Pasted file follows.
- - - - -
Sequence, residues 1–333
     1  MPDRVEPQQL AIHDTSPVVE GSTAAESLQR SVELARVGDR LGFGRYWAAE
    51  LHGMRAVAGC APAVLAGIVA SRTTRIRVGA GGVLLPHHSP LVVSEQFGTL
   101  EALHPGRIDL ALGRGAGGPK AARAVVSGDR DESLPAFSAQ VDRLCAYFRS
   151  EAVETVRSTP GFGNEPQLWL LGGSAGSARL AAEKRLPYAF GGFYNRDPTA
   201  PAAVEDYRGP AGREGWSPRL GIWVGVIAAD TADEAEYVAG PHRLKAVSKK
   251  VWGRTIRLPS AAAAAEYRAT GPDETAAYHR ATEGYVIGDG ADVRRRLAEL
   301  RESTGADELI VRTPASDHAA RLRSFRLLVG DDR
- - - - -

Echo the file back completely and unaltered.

Sequence, residues 1–333
     1  MPDRVEPQQL AIHDTSPVVE GSTAAESLQR SVELARVGDR LGFGRYWAAE
    51  LHGMRAVAGC APAVLAGIVA SRTTRIRVGA GGVLLPHHSP LVVSEQFGTL
   101  EALHPGRIDL ALGRGAGGPK AARAVVSGDR DESLPAFSAQ VDRLCAYFRS
   151  EAVETVRSTP GFGNEPQLWL LGGSAGSARL AAEKRLPYAF GGFYNRDPTA
   201  PAAVEDYRGP AGREGWSPRL GIWVGVIAAD TADEAEYVAG PHRLKAVSKK
   251  VWGRTIRLPS AAAAAEYRAT GPDETAAYHR ATEGYVIGDG ADVRRRLAEL
   301  RESTGADELI VRTPASDHAA RLRSFRLLVG DDR